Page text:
Tapering: Always on the Table, But It’s Never Quite Time
On October 30, at the conclusion of a two-day policy meeting, the Federal Open Market Committee announced that it would make no change to its strategy of monetary easing. In order to suppress longer-term interest rates and stimulate business activity, the FOMC, through the Federal Reserve, is purchasing $40 billion worth of agency mortgage-backed securities and $45 billion worth of longer-term securities every month, a program called quantitative easing (or, QE).
QE has four primary effects on the economy. First, it increases inflation expectations. By buying government bonds (and MBS) in the open market, the Fed is effectively increasing the monetary base in the United States. If the Fed overestimates how much easing is required (how much the monetary base should be increased), it could add inflationary pressure into the economy.
So far, inflation has been low. As measured by the core personal consumption expenditures price index, consumer prices increased just 0.1 percent on the month in September and 1.2 percent on the year. The Fed has prescribed a 2.0 percent inflation target. So far, so good — but many observers have expressed concern that the Fed’s strategy of open-ended QE is snowballing toward an unhappy ending. Too much stimulus is absolutely a bad thing.
The other primary effects that QE has on the economy are currency deprecation, higher equity valuations, and lower real interest rates. Similar to conventional monetary policy, in which the Fed edits the target federal funds rate, QE’s most significant effect is arguably its impact on nominal and real interest rates. Currency depreciation and increased equity valuations are sometimes given second-order consideration, but each plays a significant role in the economy.
A depreciated currency, for one, directly benefits exporters and dollar-denominated debtors. Conversely, though, a depreciated currency has a negative impact on creditors for the same reason in benefits debtors: as a currency depreciates, so does the value of the debt, which is a liability for borrowers but an asset for lenders.
But the Fed’s balance sheet has grown to enormous size under the various QE programs that were enacted in the wake of the financial crisis. The Fed’s balance sheet currently sits $3.85 trillion, and it’s growing larger every month QE continues. Many economists have expressed concern about this fact, and the pressure is mounting for the Fed to being tapering asset purchases. When asked if the FOMC would consider this at its next policy meeting in December, Federal Reserve Bank of Atlanta President Dennis Lockhart said that a change in policy would, at least, be on the table.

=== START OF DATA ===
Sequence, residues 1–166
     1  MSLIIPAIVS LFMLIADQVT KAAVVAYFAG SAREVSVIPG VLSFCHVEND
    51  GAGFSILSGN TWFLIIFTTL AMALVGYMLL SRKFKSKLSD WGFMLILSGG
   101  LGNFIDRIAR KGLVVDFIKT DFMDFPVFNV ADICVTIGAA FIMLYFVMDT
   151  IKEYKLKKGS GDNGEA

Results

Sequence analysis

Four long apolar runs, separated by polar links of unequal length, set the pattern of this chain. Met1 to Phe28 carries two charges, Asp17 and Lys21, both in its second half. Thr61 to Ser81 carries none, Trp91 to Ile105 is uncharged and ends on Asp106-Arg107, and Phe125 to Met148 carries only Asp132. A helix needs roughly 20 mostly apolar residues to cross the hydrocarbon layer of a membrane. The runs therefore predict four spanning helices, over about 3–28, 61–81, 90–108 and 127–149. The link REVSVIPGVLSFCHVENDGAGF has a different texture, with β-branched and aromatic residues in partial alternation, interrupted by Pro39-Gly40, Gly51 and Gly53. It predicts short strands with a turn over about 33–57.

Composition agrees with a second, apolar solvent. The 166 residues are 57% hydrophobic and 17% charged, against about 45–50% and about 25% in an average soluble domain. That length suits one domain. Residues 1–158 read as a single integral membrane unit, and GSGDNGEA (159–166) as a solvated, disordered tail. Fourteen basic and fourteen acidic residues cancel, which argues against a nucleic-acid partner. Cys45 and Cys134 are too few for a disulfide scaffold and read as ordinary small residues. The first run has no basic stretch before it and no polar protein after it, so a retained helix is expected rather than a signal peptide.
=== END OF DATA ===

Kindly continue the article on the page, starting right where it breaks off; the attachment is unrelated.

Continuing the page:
But “on the table” has been the status of the program since its inception. QE3 is ongoing by design, and the flow rate of purchases has always been described as a function of incoming economic data. To date, that data has not been up to snuff. The Fed is specifically looking at labor market data, which of all economic metrics has been particularly underwhelming.
Total nonfarm payroll employment increased by 204,000 in October, according to the most recent Employment Situation report, which was released by the Bureau of Labor Statistics on Friday. This was significantly greater than the 120,000 payroll increase expected by economists, and the headline unemployment rate actually increased from 7.2 percent to 7.3 percent on the month. September’s payroll growth was revised up, from 148,000 to 163,000. Total private payrolls increased by 212,000.
Average hourly earnings increased 0.1 percent, coming in below expectations for 0.2 percent growth. The average work week shrank from 34.5 hours to 34.4 hours. At 11.3 million, the total number of unemployed people was effectively unchanged. The civilian labor force continued to shrink, falling by 720,000, or 0.4 percentage points, to 62.8 percent. The BLS employment-to-population ratio declined by 0.3 percentage points to 58.3 percent. The number of long-term unemployed was relatively unchanged, at 4.1 million, or 36.1 percent of the total unemployed. “It is an encouraging number,” Lockhart told reporters on Friday about the jobs report, but added, “I would be reticent to draw very profound conclusions to one month’s positive jobs number.”
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